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Mexicans Mourn Death Of Pop Icon Juan Gabriel


Mexico is in mourning. Juan Gabriel, the country's most prolific popular singer, songwriter of the past four decades, died yesterday. He was 66. Last night television broadcasts abandoned regular programming for tributes and specials, and radio stations are still playing continuously from the hundreds of heartbreaking ballads and love songs that he penned. From Mexico City, NPR's Carrie Kahn reports on the outpouring from Juan Gabriel's fans.


CARRIE KAHN, BYLINE: On word of Juan Gabriel's death, crowds gathered for hours in Mexico City's famed Garibaldi Plaza where mariachi bands line up to play for pesos.


UNIDENTIFIED SINGER: (Singing in Spanish).

KAHN: Applauding and singing in unison as a light rain fell, the crowd huddled around the huge statue of Juan Gabriel in full mariachi gear. Several elderly women cried, and tears were shed by a group of young men and 55-year-old Pablo Prado.

PABLO PRADO: (Speaking Spanish).

KAHN: "It was his way, his style of composing a song that inspires us all," says Prado.

JAVIER ARACEN: (Speaking Spanish).

KAHN: "There isn't a person who says they're Mexican that doesn't know at least five Juan Gabriel songs by heart," says 23-year-old Javier Aracen, standing with his arms around two young male friends. Juan Gabriel's songs united everyone, they said - rich or poor, old or young, straight or gay.

Aracen says while Juan Gabriel never openly declared his homosexuality, it was an open secret and accepted by all Mexicans. He says there was no better example of this than in his own family, with his grandfather who never hid his anti-gay hostilities.

ARACEN: (Speaking Spanish).

KAHN: "Juan Gabriel was his idol," says Aracen. "He would use all sorts of terrible words for gays, but Juan Gabriel was different to him. He went to his concerts and knew all his songs," he says.

Juan Gabriel grew up in the border city of Juarez where his mother worked as a servant. Unable to care for him, she placed him in an orphanage where he lived for most of his childhood until escaping to Mexico City and his ultimate discovery and rapid stardom. Hundreds of fans gathered at Juan Gabriel's home in Juarez throughout the night.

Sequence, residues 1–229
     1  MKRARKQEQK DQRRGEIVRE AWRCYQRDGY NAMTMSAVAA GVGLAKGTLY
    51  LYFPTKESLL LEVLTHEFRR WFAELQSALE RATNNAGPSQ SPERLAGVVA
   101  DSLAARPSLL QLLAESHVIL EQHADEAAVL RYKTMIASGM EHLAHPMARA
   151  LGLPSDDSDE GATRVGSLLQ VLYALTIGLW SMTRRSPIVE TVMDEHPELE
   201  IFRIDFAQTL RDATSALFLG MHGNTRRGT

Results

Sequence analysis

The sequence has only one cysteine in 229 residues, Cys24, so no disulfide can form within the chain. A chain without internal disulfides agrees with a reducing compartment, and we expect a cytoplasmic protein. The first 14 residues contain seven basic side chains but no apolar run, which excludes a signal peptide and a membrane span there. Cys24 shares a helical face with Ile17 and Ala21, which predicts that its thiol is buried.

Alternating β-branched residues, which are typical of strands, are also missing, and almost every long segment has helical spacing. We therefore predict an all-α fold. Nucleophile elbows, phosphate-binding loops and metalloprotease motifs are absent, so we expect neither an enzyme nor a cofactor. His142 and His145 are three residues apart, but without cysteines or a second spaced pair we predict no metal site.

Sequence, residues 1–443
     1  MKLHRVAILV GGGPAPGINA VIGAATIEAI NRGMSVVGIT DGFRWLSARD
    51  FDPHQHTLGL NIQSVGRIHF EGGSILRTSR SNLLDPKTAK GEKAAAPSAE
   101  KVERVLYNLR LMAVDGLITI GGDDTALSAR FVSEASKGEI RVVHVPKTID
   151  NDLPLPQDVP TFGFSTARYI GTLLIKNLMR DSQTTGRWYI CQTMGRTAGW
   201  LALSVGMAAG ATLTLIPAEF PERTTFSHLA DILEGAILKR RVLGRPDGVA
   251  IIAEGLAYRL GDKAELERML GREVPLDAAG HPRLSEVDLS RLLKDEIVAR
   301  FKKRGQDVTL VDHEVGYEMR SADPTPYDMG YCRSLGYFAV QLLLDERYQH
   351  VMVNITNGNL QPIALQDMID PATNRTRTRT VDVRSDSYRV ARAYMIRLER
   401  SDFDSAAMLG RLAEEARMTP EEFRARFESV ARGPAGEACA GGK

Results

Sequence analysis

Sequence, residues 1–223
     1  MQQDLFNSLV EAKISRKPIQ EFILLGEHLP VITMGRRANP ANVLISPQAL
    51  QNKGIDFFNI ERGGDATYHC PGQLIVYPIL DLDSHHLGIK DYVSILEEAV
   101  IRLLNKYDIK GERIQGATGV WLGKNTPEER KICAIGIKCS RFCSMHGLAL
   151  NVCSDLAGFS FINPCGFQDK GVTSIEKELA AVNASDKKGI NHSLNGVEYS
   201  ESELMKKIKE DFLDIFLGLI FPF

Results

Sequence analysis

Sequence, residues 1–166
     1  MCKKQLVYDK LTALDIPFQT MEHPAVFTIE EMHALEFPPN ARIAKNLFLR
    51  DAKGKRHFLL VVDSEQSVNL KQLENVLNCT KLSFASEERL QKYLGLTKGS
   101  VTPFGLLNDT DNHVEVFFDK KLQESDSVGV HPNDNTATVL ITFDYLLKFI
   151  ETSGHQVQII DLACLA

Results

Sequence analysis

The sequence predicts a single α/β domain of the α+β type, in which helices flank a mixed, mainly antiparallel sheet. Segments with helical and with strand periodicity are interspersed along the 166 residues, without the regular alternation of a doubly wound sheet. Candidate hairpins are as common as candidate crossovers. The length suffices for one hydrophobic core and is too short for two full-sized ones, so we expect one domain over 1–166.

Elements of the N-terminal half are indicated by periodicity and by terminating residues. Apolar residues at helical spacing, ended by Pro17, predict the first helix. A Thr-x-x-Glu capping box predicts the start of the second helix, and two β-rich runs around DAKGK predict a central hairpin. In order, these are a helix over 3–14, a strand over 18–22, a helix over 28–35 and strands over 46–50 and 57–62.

RUBEN MARTINEZ: I think Juan Gabriel was the bard of the border.

KAHN: Ruben Martinez is a social commentator and literature professor at Loyola Marymount University in Los Angeles.

MARTINEZ: He stood literally on the divide between so many different communities.

KAHN: Generational and gender lines as well as straddling music genres, too, says Martinez. While best known for his heart-wrenching love ballads, Juan Gabriel switched it up lately. He covered a Creedence Clearwater Revival favorite and collaborated with the Kumbia Kings on a modern twist of his first hit, "No Tengo Dinero," "I Have No Money."


JUAN GABRIEL: (Singing in Spanish).

KAHN: Politicians, including President Obama, dignitaries and artists filled social media with condolences and remembrances today. And Mexico's secretary of culture offered up the country's grand Palace of Fine Art for a public viewing of Juan Gabriel, pending approval of his family.

Despite all the accolades, riches and fame, Juan Gabriel liked to say his biggest reward was to hear his fans sing his songs. He would have loved the group farewell at Garibaldi Plaza in Mexico City.

UNIDENTIFIED MAN: (Singing in Spanish).


GABRIEL: (Singing in Spanish).

KAHN: Carrie Kahn, NPR News, Mexico City.


GABRIEL: (Singing in Spanish). Transcript provided by NPR, Copyright NPR.

Carrie Kahn is NPR's International Correspondent based in Mexico City, Mexico. She covers Mexico, the Caribbean, and Central America. Kahn's reports can be heard on NPR's award-winning news programs including All Things Considered, Morning Edition and Weekend Edition, and on